He has been described as Ireland’s answer to David Attenborough but wildlife presenter and documentary maker Eoin Warner is having none of it. “Ah, Jaysus, poor David,” he laughs. “He is a hero of mine, I wouldn’t fill one of his shoes, never mind the rest of him. It is a very nice thing to hear though — he’s amazing.”
He may be understandably reluctant about likening himself to the undisputed king of natural history programming, but there is no doubt that Warner shares his hero’s passion for wildlife and the environment. It is clear when he speaks about fronting the upcoming TG4 natural history series Iontais Na bhFarraigí Ceilteacha, a co-production with the BBC, which explores the spectacular coasts of Ireland and Wales and the bounty of hidden wildlife which inhabits the Celtic Sea, the stretch of ocean between both countries.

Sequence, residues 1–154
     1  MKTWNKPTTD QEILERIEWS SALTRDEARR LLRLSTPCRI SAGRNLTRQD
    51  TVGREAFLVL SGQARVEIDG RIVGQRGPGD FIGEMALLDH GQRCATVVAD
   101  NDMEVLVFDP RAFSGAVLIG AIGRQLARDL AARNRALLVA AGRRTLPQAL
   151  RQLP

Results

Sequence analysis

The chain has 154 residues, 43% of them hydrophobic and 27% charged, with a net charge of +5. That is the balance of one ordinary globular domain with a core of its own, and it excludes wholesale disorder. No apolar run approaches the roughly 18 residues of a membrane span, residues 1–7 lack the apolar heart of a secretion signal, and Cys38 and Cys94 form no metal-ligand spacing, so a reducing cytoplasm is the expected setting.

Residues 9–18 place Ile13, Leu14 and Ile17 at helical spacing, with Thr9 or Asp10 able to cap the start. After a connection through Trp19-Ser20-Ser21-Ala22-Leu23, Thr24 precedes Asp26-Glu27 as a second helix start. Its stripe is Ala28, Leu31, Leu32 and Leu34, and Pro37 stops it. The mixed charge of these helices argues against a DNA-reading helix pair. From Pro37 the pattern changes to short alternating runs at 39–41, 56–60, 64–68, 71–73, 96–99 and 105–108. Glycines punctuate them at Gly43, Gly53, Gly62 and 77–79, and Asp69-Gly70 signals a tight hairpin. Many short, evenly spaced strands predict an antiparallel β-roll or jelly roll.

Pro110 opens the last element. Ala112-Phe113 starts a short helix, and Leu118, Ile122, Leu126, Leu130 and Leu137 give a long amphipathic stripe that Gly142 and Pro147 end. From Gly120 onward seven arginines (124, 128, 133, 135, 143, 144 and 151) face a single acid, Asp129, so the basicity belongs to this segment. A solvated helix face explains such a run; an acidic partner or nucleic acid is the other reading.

“It is lovely to bring some attention to the Celtic Sea — so many wildlife documentaries focus on the west coast and the Wild Atlantic Way. It is an incredible sea in itself in terms of biodiversity and the coastline is absolutely stunning. We had amazing weather in June and we filmed along the Copper Coast in Waterford, there were all these amazing little beaches and nobody on them, it was unbelievable. We spent some lovely time off the Saltees in Wexford, by Kilmore Quay, and that was stunning as well.”
Warner, a native of Bantry, Co Cork, now lives in Galway with his wife and two children. His route to wildlife presenting and documentary-making was a circuitous one. “I was always besotted by wildlife and that childlike wonder followed me throughout my life. I was going to do marine biology or zoology up until the leaving cert and then I decided in my wisdom to change to hotel management. I went into the hospitality business for many years. Then I went back to university…to cut a long story short, I ended up getting a gig with TG4 doing Éire Fhiáin, they were looking for a new presenter who spoke Irish and who had a passion for wildlife. It is amazing how your life goes full circle back to what your real passions are. I have been lucky and privileged for that to happen.”